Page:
Merced County Times Newspaper
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Saini-Donabed surges way ahead in race for seat on Superior Court


Monika Saini-Donabed, a local judge pro-tem and native of Livingston, appears on her way to making some regional history if election results continue in her favor.

In the race for the only open seat at Merced County Superior Court, Saini-Donabed leads with 10,133 votes, or 61.28 percent of the total vote tally. Her closest challenger is Carlos Dammeier, a state administrative law judge from Southern California. He currently holds 3,688 votes, or 22.30 percent. Regina Adams, a Merced lawyer who handles cases in the Public Defender’s office, received 2,714 votes, or 16.4 percent.

If Saini-Donabed wins this race outright, by garnering more than 50 percent of the vote at the conclusion of the Primary count, she will become the first woman of Indian descent to serve on the Merced County Superior Court bench in its 150-year history.

“We worked really hard in our ground game,” Saini-Donabed told the Times during her Election Night watch party at the Marriott Courtyard Hotel in Merced.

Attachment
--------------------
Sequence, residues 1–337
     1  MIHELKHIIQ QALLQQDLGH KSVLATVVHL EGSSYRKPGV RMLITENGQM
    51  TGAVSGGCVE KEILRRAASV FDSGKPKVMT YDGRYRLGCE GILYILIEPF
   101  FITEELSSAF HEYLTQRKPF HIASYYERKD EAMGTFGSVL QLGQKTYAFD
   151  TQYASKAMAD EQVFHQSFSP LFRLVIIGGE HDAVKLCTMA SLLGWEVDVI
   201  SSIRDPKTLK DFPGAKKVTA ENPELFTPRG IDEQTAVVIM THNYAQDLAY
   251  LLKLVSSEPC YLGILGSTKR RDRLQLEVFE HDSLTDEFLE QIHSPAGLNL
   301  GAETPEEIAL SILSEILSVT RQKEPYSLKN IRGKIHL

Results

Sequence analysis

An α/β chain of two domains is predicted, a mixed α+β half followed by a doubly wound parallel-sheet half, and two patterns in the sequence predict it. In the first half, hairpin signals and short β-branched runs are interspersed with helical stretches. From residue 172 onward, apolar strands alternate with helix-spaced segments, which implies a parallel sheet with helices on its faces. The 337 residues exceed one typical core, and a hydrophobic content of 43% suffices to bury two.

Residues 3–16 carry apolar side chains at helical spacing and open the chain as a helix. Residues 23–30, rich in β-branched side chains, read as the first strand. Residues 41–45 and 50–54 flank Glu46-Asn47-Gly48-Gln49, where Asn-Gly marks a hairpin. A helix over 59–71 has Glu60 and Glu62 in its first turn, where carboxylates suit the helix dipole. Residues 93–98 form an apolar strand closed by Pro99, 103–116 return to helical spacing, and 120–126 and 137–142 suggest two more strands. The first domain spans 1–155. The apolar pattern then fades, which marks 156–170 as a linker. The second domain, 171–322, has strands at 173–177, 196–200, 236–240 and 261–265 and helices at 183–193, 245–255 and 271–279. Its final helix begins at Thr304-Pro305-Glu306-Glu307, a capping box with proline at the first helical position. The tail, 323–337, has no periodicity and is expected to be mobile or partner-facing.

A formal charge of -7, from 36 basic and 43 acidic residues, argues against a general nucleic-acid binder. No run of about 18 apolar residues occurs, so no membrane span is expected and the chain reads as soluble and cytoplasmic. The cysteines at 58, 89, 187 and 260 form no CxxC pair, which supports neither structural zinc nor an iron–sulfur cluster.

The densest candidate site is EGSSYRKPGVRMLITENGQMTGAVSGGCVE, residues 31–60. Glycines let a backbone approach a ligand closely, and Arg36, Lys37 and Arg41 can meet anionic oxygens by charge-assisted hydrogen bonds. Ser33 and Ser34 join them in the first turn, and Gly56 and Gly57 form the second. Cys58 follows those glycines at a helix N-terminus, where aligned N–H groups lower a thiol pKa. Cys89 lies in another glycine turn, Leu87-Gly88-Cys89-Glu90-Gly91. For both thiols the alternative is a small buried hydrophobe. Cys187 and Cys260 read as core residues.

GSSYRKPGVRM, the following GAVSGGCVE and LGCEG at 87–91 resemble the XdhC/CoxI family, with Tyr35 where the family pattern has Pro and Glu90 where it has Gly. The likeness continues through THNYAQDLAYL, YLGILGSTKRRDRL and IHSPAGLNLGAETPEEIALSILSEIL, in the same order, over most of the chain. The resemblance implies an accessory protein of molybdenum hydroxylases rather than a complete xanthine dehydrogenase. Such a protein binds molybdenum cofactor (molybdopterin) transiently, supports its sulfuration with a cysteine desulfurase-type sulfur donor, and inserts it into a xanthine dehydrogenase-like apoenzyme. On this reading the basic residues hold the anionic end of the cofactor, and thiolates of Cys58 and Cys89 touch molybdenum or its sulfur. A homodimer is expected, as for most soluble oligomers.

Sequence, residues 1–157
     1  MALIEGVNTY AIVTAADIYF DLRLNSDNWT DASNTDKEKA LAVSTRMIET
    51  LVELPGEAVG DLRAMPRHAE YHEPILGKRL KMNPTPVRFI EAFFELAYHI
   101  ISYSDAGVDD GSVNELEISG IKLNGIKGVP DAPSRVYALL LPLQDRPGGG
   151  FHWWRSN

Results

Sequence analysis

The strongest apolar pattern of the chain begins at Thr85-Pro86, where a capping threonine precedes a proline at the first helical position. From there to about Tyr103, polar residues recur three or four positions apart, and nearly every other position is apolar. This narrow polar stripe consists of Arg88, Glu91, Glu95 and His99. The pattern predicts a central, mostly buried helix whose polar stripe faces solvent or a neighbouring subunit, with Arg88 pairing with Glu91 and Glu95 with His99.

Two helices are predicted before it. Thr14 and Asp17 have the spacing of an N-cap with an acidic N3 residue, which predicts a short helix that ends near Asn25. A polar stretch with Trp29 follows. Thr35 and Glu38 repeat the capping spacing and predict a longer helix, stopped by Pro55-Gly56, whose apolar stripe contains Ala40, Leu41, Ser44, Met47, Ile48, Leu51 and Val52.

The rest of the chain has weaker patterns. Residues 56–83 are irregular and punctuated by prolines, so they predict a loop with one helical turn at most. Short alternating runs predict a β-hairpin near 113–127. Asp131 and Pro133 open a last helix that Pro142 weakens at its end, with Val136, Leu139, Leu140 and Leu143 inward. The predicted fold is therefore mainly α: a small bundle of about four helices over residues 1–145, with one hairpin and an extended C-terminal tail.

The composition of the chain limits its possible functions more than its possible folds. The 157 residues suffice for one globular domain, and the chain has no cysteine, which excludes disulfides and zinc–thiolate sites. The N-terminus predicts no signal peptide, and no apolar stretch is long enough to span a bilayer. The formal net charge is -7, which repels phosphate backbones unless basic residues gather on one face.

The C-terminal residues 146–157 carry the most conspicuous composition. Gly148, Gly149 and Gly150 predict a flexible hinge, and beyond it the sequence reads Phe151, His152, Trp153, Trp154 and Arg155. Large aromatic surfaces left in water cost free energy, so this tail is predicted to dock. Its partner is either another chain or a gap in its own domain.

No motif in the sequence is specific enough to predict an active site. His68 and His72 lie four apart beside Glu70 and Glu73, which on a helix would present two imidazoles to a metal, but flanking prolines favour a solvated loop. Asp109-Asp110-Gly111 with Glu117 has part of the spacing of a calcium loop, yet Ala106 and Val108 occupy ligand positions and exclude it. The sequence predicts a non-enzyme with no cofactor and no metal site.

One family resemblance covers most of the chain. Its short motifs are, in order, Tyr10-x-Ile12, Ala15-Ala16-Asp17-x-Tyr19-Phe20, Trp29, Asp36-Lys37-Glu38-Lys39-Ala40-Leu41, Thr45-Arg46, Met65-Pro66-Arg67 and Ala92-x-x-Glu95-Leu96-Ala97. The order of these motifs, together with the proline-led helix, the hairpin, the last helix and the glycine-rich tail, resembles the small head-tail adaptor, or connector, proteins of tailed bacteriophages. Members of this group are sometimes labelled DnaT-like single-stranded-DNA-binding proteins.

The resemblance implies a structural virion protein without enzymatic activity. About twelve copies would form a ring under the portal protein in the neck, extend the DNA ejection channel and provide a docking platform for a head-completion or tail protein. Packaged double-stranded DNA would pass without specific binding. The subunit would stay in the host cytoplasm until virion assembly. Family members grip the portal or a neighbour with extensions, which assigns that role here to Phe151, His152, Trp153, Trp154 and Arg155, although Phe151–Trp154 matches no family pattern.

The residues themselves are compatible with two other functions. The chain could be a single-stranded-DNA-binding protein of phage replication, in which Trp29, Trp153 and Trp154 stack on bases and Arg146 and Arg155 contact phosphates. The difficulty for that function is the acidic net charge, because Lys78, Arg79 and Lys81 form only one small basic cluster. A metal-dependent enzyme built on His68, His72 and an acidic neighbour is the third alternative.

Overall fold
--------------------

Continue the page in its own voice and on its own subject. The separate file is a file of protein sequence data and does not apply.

“I was nervous yesterday, but today I was very at peace because I felt that I did everything that I could up to this point, and it was now in the voters’ hands, and I was ready to accept the results as they were. It was great to have my friends and my family members around to share this moment.”

The event for Saini-Donabed was large on Tuesday night, with up to 200 people showing up.

She thanked supporters for being part of the journey and called it a community effort.

“I’m grateful that people put their trust in me, and hopefully I will have the opportunity to hold onto that trust by serving the community from the bench with hard work and dedication.”

She added, “I love the court. I love the job. I love Merced County. I really wanted this. I knew nobody could outwork me in the campaign. My passion for it … The way I ran this campaign is the way I serve the community. This is my calling.”

The candidate also commented on a bit of a controversy that broke a week or so before Tuesday’s Primary vote.

“We found out about 10 days ago that one of my opponents, Carlos Dammeier, was running for a judge’s seat in two separate counties simultaneously,” she said.

While it’s perfectly legal for Dammeier to do so — Superior Court judges do not have to live in the district they preside over — Saini-Donabed remarked: “I think that is really a disservice to a community and its voters, when you promise you would serve them if elected, and then you don’t hold that promise. … Just because you can do something doesn’t mean you should do something. If you are running for an office, you should generally want to serve in that specific office, and you want to serve that specific community.”

Early elections results this week showed Dammeier was way behind in a San Bernardino race for an open judicial seat, with 24.3 percent of the vote compared to candidate Michelle Lauron’s  75.5 percent of the vote.
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